Organic travel. I suppose it’s just a matter of time before some clever marketer builds a website completely dedicated to the idea of traveling to places that grow organic food. When they do, Gokceada Island in Turkey will certainly be on the list of ‘must see’ destinations.
Ours was just a day trip to Gokceada, mainly because it was the off season, but still, I could easily see the reason why people like to come to this, Turkey’s largest island. Turkey has a number of islands, as would be expected of a country that is bordered by the Aegean Sea, the Marmara Sea, The Black Sea, and the Mediterranean Sea and which contains the Bosphorus and the Dardanelles, however, Turkey doesn’t have as many islands as one would think, mainly due to the ancient conflict with Greece who has managed to keep control of most of the islands that the Turks believe should be theirs.
Gokceada is about 13 by 30 kilometers, a small island when compared with Oahu or Hawaii, but big enough to have some small mountain ranges. Gokceada is strange to visit in that it feels very Greek. In fact, it too, used to be under Greek control and was then called Imbros. We were told by a young man we met and spoke with in Gokceada Town that nearly 60% of the population are Greek Orthodox, hard to believe when you see the mosques, but then, it is one of the only places I’ve seen Christian churches that weren’t ruins in Turkey, so I’ll trust the local on this one.
We took the ferry from Kabatepe on the Gallipolli Peninsula. The dolmus to the ferry was three lira each and the ferry was four lira each with the return trip being free. The weather wasn’t great, but we still stood on the deck and took in the view. It was both of our first trip to an island in Turkey and knowing that the other islands we could see in the distance were Greek made it feel doubly interesting. Plus, we met and made friends with the cutest kids on the boat. The ferry docked in the tiny village of Kuzulimani and rather than getting into the incredibly crowded mini-buses, we decided to walk. A car coming off the ferry offered us a ride into Gokceada Town.
As I said, the weather wasn’t great, but still, Gokceada was gorgeous. Small villages, rolling hills, pine forests, and craggy small mountains along with plenty of goats, sheep, chickens, and cows along the way. Our kindly driver dropped us off, he didn’t speak any English and our Turkish allows for only the barest of conversation, but still, the smiles and waves seemed to be enough.
We picked up a tourist map in Gokceada Town and stopped in a tiny grape vine covered cafe to have coffee and baklava. The owner told us that most of the seaside hotels and pensions had closed for the season and that was the main thing that decided us. Later we had a look at the hotels in landlocked Gokceada town, but the prices were high and the amenities not great. We realized that we could have a day trip, take the ferry back, catch an overnight bus to Izmir, and then be back home in Manisa for the same price and without having to stay in the somewhat stinky rooms of the hotels and it was decided.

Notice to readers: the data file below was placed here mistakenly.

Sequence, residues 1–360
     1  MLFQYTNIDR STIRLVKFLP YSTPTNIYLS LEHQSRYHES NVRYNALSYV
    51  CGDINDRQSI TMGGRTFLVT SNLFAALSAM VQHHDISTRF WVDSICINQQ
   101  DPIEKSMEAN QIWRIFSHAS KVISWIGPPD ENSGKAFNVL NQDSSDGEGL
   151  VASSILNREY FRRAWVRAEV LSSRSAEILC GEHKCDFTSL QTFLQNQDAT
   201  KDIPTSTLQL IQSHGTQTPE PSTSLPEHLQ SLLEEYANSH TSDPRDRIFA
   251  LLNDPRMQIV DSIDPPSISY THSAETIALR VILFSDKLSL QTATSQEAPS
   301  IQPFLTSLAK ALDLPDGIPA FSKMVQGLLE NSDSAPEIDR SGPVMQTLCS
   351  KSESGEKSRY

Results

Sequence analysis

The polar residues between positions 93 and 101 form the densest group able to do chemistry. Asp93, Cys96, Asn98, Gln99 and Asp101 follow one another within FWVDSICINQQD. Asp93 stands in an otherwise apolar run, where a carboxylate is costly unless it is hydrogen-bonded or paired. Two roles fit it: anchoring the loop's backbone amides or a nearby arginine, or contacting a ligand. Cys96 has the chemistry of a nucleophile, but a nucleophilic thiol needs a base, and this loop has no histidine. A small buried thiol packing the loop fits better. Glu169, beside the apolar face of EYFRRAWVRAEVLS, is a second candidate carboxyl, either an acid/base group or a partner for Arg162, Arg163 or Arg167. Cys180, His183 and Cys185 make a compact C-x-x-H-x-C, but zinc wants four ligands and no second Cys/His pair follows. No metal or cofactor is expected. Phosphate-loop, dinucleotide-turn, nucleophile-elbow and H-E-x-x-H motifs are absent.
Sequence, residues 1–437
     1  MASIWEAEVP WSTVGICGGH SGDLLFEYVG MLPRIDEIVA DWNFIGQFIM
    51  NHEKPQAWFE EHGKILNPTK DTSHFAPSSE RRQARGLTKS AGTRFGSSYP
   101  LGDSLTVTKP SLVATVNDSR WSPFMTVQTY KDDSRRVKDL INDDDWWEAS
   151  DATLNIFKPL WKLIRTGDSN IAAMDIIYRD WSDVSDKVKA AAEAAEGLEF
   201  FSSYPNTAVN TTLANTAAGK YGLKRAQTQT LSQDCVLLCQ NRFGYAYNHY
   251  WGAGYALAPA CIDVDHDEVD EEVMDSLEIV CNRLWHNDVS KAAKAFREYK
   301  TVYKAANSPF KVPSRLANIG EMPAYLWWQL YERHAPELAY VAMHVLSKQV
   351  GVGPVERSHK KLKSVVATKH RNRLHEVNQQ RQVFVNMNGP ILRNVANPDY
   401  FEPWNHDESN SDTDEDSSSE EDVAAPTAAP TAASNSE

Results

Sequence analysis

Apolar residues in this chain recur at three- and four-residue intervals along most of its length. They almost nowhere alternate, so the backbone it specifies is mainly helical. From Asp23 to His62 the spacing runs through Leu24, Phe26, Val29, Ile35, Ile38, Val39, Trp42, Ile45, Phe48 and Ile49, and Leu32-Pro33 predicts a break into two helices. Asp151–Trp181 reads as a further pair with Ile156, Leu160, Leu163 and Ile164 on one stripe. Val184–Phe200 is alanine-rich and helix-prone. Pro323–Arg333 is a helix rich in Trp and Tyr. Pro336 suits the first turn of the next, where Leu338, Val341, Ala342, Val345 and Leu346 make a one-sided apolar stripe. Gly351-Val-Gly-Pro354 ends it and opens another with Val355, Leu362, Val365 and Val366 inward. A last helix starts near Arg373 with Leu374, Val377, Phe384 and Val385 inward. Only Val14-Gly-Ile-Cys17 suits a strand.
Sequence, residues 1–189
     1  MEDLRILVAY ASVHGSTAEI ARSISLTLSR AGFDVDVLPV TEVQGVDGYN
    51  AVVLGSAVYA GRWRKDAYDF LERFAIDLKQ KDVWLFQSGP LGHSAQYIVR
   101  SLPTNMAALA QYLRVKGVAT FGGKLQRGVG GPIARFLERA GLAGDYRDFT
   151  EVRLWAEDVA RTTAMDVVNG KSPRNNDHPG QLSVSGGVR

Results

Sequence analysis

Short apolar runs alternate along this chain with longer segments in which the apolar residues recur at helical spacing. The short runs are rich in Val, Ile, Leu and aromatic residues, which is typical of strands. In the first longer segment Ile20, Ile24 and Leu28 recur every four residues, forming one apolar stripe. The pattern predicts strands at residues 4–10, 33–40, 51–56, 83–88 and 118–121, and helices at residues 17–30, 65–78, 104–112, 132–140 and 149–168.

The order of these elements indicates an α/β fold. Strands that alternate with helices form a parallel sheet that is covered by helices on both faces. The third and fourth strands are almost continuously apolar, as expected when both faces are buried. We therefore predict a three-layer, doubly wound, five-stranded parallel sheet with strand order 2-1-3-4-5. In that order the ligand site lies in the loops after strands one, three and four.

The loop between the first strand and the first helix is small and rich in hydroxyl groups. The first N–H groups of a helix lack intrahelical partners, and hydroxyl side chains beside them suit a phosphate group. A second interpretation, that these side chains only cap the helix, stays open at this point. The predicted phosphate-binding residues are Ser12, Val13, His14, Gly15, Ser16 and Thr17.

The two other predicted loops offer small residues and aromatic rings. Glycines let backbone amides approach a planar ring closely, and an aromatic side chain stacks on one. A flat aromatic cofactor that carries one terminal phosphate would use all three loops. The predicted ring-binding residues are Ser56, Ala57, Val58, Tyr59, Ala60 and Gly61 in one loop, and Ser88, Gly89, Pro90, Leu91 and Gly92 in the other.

We hitchhiked out to Kalekoy, the main seaside village. A nice couple from Aydin picked us up. Again, not much communication, but lots of smiles and a few laughs. It was true, all the pensions in Kalekoy were closed, but still we enjoyed sitting on the jetty, watching the fishermen, and eating a picnic lunch which Hanane had wisely decided to bring with us. There were deserted greek stone houses reminiscent of Kayakoy in the hills, but we didn’t feel particularly like hiking through them, so we simply walked through the regular inhabited village which actually felt just as deserted as the other, though with glass in the window’s still.
Gokceada is trying to become the first 100% organic island in Turkey. To me, that makes it pretty cool. I’d heard that the residents were still keen on offering visitors a room in their houses for 10-20 lira a night, but in our wanderings, no one offered. This is called ev pansiyonu and appears to have disappeared…at least during the off season.
Before leaving on the evening ferry, we hiked around the countryside seeing plenty of ducks, sheep, and picturesque Greek/Turkish houses and farms. We had a not very notable supper in Gokceada Town and then caught the dolmus to the ferry to the dolmus to Eceabat where the great staff at Crowded House Hotel allowed us to chill out in their lounge and stash our bags before we caught the bus which took the ferry to Canakkale and then back to Izmir where we caught the bus to Manisa and enjoyed an early morning walk back to our apartment.
I’m looking forward to the next time we visit Gokceada Island, definitely it will be during ‘the season’ though.